Three years ago, we purchased our very first dog, a German Shepherd. Not the easiest startup dog, I’ve heard; but, German Shepherds have always been my favorite canine breed and nothing else will do, especially for my first dog. He was 1 week old when we first met him and his parents. He wasn’t AKC certified or from a well-established breeder but he’s a good and handsome boy nevertheless, and healthy from what we can tell his three years with us.
Initially, we opted to adopt first; but, since we wanted a puppy to grow with our family, the availability was limited. We found a litter at an animal shelter in North Carolina, went thru the process of adoption, had someone come and inspect our home, only to be told that we will be put on the waiting list for another litter because all 6 were already adopted. Whenever that would be, no one knows really. So with our hopes crushed we started looking to purchase.
My budget was $1000, $1500 if I had to push it. Started looking online for a list of breeders to contact and meet nearby. Was not able to find one locally through online search; but, we were willing to drive to get our GSD. A lot of breeders were up north and was a good way of a drive. In the end, we bought him for $600 from a breeder 30 minutes away, in a neighboring city, discovered from a newspaper advertisement. He was 1 week old at the time and the chunkiest of the litter.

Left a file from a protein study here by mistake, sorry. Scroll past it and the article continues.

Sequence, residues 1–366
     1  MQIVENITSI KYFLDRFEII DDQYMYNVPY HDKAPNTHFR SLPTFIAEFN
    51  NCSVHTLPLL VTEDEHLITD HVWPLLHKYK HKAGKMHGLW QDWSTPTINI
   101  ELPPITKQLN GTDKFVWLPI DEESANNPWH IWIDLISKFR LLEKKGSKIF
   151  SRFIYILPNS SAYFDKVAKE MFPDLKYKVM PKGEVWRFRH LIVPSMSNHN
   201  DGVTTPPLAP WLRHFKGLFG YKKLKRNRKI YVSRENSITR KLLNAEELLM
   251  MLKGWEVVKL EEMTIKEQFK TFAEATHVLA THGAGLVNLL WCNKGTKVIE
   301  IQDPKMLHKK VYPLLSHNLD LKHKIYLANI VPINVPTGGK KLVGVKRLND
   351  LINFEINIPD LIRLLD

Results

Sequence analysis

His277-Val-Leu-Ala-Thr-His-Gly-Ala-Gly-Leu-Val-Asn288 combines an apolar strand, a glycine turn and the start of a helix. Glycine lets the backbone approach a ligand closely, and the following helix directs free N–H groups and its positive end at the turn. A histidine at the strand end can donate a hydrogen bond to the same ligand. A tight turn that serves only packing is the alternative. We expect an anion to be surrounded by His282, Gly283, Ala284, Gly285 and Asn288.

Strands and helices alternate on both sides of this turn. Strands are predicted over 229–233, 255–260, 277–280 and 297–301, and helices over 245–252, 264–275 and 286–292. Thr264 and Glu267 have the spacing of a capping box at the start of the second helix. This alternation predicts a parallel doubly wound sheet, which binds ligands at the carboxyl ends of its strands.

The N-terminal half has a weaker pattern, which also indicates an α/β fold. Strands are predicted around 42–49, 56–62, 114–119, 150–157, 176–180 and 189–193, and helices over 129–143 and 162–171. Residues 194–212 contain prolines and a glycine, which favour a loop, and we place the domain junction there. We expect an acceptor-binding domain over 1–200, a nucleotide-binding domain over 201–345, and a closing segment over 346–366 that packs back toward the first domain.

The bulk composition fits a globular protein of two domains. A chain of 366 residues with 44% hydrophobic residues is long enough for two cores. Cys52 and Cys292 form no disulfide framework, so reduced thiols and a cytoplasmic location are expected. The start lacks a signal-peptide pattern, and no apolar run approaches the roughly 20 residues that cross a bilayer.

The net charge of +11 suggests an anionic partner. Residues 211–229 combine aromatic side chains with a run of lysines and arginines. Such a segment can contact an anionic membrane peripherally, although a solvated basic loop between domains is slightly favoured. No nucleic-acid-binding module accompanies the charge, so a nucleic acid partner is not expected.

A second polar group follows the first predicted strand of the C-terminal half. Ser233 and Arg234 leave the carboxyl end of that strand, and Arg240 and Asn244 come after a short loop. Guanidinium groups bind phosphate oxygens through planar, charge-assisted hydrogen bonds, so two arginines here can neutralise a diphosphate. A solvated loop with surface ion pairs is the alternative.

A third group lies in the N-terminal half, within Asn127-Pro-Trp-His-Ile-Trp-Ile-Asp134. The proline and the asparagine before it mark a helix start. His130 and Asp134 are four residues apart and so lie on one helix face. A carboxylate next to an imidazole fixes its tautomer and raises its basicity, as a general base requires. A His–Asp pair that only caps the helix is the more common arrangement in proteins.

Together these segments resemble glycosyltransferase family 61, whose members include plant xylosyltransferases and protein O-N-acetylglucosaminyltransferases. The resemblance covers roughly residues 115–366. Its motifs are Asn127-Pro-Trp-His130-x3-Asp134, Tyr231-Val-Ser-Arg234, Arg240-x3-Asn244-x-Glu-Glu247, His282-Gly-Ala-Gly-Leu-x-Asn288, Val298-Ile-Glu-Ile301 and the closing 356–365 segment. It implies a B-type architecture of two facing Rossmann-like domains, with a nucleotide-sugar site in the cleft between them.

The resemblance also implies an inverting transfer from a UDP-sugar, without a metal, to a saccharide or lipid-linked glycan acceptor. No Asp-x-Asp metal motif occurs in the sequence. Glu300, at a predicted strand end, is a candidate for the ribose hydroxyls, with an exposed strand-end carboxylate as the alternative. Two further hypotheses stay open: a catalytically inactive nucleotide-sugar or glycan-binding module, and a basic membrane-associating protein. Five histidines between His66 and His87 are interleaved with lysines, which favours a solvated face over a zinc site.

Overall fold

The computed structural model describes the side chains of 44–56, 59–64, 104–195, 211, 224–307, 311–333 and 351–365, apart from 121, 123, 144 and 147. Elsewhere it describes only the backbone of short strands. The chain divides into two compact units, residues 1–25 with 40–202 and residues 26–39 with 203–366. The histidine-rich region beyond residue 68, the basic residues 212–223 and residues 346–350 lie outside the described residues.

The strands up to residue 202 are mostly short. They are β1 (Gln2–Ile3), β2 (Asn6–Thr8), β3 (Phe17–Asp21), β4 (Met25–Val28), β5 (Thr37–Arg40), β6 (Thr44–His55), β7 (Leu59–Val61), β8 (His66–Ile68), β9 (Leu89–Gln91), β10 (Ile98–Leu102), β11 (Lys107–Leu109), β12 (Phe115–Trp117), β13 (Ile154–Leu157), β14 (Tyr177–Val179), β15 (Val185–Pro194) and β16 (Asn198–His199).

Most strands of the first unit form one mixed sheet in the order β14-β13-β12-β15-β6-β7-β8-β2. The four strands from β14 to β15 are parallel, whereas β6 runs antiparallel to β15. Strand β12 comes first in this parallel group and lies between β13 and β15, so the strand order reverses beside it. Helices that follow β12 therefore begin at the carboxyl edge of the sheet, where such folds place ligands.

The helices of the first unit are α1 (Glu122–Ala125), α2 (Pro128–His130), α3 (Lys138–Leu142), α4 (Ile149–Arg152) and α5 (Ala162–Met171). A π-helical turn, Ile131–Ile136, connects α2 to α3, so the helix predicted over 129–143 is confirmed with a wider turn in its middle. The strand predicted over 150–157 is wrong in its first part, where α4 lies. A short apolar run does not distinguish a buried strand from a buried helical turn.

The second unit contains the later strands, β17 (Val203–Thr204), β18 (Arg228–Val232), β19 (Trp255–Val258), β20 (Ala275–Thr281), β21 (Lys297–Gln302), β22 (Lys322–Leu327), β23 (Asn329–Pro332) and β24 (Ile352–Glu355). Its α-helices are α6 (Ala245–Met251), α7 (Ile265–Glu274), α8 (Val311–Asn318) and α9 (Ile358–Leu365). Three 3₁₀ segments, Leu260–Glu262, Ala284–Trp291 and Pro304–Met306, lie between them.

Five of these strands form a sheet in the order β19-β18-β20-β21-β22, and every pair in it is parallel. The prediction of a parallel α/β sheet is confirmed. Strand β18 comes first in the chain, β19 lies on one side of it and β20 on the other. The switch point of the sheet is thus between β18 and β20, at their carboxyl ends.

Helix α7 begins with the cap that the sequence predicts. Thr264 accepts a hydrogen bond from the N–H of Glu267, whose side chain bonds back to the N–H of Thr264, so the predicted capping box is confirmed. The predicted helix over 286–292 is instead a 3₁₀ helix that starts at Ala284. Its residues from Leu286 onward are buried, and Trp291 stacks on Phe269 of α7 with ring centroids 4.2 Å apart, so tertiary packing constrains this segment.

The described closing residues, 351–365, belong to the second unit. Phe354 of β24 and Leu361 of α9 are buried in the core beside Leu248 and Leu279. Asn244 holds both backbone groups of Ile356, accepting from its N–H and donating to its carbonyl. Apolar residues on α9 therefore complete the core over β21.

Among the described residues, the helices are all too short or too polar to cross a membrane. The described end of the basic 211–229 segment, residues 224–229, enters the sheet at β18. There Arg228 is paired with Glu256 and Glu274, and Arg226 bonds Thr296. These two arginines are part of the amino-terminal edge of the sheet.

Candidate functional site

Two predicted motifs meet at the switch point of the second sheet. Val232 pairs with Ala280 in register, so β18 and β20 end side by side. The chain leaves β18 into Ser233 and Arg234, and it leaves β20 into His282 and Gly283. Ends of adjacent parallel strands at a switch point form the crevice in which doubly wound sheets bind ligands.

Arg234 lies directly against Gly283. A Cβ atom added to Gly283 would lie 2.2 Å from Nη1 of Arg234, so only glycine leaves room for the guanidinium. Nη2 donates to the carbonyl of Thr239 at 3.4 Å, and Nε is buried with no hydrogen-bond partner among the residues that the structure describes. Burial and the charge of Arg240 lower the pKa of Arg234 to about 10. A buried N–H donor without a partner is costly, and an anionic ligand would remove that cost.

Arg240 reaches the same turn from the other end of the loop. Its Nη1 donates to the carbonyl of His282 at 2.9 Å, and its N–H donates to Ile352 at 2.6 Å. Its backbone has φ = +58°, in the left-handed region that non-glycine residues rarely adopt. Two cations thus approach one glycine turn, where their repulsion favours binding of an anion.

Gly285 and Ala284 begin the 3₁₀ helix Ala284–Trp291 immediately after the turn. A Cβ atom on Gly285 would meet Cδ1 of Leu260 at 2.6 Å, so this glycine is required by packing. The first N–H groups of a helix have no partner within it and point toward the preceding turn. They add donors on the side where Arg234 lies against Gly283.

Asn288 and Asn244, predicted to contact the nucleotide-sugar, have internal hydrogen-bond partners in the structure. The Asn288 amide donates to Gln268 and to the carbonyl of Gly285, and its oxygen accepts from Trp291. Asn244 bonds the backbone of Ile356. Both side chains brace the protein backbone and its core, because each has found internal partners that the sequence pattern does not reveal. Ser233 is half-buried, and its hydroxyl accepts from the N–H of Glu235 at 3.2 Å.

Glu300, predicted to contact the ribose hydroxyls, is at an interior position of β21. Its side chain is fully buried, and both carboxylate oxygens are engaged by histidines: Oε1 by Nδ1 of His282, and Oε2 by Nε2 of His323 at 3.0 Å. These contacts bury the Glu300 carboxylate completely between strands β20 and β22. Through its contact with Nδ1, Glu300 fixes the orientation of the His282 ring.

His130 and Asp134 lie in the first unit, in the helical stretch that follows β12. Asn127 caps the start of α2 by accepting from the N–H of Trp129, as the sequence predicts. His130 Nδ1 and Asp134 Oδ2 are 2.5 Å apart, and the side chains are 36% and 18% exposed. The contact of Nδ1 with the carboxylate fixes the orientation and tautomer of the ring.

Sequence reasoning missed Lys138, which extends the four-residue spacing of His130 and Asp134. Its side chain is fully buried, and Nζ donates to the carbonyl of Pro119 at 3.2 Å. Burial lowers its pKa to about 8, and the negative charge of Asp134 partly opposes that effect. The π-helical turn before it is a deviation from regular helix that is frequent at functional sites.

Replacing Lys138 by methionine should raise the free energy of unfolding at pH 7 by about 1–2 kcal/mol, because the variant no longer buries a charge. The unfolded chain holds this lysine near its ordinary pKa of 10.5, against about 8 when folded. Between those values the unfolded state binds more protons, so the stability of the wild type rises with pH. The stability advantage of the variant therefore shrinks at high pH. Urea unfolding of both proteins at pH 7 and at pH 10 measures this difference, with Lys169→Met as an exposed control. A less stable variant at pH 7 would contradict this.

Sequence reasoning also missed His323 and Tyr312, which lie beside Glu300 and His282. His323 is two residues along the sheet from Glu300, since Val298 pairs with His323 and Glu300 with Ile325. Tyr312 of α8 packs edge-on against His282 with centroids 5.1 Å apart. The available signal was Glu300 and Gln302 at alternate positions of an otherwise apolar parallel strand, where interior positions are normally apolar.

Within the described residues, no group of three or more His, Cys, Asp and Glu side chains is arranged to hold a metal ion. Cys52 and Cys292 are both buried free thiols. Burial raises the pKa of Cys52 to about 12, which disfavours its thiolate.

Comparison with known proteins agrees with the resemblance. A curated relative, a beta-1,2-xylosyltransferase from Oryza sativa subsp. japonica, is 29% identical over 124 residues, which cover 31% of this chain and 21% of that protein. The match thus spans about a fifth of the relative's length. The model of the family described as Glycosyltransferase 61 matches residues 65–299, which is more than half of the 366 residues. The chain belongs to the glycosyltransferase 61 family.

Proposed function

Two years later, dropping my boy at a kennel, I met a business man who breeds and train GSD locally, much more expensive of course than the $600 I paid; but, it’s a good information to hold on to for next time. Maybe I will contact him someday. For now, my one GSD is plenty.
It was not an easy road for us raising our GSD since we didn’t know what we were doing half the time, especially since the first 2 years of his life, my husband relocated to Japan on military orders, leaving me to hold the forth on my own. There was a lot of stress that surrounded me that first year without my husband and raising my GSD, while also catering to everything revolving around single parenting. He was a handful, my GSD, very curious, and always hungry.
Here’s a bit of information to refer to when deciding to introduce a GSD in your family: